The biggest thing you should do is think about future prospects for different areas for revival. If (the neighborhood is) close to Midtown it’s going to have a better shot than if it’s five miles away.
Your research has found that 178,000 homes were demolished in Detroit from 1970 to 2000. There’s been tens of thousands more since. That’s a staggering number. Is the city better off because of it?
This is where it gets complicated. Who knows. I think you could certainly ask that question. But the fact is, between 1950 when it peaked in population at nearly 2 million and today, Detroit has lost 1.3 million people.
The theory that if those houses had been left standing, people would have moved into them and Detroit wouldn’t have lost population, frankly, it’s not tenable. People were moving out of Detroit for all kinds of reasons. Not because their houses were being demolished from under them.
Imagine if the demolitions didn’t happen. Imagine Detroit with a half-million structures today, with 300,000 of them empty. What would that city look like? I’m not sure that’s not even worse than what Detroit currently looks like.
That’s the crux of the problem: These (Rust Belt) cities have lost hundreds of thousands of households.
Detroit has spent tens of millions of dollars on demolitions in the past few years. But some research suggests they haven’t even kept pace with the number of houses that have fallen into disrepair over that time and now need to be demolished. Is this just a vicious cycle?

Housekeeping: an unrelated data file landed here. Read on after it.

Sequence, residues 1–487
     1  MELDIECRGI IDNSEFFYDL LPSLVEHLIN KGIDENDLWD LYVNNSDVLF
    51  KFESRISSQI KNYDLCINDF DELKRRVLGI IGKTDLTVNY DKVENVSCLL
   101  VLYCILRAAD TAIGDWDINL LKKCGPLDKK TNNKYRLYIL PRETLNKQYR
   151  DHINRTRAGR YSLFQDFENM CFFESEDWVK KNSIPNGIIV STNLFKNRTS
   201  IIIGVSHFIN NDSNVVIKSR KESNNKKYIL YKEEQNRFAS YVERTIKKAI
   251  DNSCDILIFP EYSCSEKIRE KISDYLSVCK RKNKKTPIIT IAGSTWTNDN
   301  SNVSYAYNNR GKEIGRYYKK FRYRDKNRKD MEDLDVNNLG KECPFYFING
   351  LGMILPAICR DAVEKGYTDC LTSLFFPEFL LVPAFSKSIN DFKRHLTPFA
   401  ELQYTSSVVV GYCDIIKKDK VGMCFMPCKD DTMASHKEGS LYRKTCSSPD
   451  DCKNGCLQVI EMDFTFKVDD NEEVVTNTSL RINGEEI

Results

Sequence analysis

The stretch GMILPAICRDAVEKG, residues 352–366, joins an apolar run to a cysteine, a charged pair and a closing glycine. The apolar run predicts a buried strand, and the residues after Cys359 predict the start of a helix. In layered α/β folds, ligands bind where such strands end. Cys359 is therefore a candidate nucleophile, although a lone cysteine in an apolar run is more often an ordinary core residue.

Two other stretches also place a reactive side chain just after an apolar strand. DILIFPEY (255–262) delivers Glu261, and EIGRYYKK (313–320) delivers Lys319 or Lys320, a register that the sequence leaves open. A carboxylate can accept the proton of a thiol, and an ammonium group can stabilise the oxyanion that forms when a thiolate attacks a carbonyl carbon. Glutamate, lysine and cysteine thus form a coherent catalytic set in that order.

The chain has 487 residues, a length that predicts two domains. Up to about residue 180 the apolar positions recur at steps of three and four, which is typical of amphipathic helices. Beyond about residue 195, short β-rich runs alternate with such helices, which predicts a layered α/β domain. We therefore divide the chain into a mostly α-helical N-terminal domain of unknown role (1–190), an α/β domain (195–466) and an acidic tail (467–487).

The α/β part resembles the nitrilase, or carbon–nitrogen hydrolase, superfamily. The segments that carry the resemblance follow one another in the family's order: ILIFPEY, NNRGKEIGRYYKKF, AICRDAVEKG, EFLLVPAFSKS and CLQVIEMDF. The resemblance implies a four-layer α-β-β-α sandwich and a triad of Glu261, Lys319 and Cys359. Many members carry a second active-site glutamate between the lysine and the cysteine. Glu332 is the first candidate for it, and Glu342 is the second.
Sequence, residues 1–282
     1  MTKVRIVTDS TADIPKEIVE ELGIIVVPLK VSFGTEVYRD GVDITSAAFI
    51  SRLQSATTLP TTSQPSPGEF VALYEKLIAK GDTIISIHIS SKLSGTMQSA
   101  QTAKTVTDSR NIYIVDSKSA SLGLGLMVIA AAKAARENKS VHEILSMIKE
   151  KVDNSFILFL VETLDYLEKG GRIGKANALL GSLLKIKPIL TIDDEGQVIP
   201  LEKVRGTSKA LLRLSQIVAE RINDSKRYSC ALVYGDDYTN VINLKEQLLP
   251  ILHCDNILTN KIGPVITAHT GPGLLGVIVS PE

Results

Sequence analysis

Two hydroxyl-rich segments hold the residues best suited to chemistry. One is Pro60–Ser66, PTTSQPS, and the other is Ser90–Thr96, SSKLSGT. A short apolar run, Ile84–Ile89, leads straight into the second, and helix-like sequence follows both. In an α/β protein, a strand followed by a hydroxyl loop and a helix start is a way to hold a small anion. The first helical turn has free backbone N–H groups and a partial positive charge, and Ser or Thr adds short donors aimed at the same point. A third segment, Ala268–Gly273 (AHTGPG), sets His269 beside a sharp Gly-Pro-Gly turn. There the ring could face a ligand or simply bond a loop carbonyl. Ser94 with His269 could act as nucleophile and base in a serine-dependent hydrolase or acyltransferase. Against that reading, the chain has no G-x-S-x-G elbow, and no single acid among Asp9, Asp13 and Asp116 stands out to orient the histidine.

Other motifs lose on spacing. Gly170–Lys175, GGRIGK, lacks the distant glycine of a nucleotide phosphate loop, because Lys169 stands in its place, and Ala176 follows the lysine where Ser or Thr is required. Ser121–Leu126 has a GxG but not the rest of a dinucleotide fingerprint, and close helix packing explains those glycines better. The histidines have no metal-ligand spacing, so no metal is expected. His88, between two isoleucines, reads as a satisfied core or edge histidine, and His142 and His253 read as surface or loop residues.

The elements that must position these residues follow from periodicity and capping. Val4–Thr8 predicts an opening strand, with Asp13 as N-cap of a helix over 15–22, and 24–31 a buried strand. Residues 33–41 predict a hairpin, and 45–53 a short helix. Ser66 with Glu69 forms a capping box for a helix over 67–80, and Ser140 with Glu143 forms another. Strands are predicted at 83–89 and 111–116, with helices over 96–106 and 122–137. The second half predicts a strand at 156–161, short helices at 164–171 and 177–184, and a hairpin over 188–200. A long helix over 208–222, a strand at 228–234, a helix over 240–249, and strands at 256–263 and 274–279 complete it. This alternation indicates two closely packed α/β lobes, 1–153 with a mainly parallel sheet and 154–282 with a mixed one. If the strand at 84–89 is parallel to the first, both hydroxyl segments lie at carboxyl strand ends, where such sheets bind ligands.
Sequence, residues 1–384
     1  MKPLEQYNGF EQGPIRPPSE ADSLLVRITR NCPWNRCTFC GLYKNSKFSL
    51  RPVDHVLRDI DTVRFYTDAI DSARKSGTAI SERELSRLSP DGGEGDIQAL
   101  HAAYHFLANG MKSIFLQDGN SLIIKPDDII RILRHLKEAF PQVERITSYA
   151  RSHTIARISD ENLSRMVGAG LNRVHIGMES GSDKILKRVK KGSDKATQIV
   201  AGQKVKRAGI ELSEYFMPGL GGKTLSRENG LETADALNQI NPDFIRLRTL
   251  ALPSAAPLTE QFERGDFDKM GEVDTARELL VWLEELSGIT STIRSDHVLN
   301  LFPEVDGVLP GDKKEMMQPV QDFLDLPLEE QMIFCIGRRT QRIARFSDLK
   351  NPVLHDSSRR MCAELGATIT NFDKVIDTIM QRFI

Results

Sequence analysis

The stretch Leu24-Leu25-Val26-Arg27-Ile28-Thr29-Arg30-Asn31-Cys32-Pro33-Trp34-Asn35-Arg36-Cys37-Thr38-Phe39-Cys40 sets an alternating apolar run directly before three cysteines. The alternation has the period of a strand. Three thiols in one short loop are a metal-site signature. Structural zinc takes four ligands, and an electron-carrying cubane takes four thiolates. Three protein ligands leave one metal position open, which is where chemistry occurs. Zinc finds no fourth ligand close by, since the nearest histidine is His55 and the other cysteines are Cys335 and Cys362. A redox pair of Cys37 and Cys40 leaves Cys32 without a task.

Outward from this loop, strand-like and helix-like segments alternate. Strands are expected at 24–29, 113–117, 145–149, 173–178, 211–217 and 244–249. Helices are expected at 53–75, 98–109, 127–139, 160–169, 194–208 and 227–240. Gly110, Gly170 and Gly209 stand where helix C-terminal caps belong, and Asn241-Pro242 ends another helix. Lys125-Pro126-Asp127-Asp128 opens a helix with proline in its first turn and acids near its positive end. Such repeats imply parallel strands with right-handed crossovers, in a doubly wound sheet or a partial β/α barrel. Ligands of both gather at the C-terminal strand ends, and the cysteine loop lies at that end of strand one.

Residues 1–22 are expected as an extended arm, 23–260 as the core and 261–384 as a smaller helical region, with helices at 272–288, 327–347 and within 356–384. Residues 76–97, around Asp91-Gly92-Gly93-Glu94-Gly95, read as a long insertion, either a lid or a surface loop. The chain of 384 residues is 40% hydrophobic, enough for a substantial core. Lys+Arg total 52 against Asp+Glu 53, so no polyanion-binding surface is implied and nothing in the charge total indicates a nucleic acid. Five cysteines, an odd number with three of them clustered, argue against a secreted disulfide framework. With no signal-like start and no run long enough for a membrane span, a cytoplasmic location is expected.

It is a vicious cycle, and the only way you break the vicious cycle is by changing the basic economics of demand.
The reason houses are still being abandoned in Detroit is because people either can’t maintain them or people don’t want them. The reasons for that may have to do with poverty or because people who have any choice don’t want to live in neighborhoods and just walk away from properties. Unless you change those dynamics of poverty and market demand, you’re not going to change the underlying picture.
At some point, you may get down to a Detroit which has finally shrunk to the point where it’s stable, but I’m not sure that point will necessarily come.
Can the comeback of downtown and Midtown can have any stabilizing impact on the neighborhoods?
Depends on the neighborhood. What’s happening in downtown and Midtown is neat – I don’t underestimate it – but it has an incremental effect moving outward. It’s not likely to have much of an impact on a neighborhood three to five miles away. You have some emerging pockets in an area like Corktown or West Village, but huge parts of the city are not affected by downtown and Midtown.
But there has already been a ripple effect in areas like the North End. Why can’t progress just keep spreading from one neighborhood to the next?
The question is how much demand actually exists for the city’s product. Which in this case is houses. How much demand is there to actually generate a revival?
Given the huge size of Detroit and the extent to which it’s shrunk, whatever ripples you see moving out from the central core are going to be very limited.
There will be some. But it’s not going to be constant growth, demand, revival and rehab at any kind of fast pace. The number of people who want to buy a house in a Detroit neighborhood just isn’t there. The sheer scale is daunting.
OPPOSING VIEW: Detroit wants to demo 40,000 homes. It won’t fix much.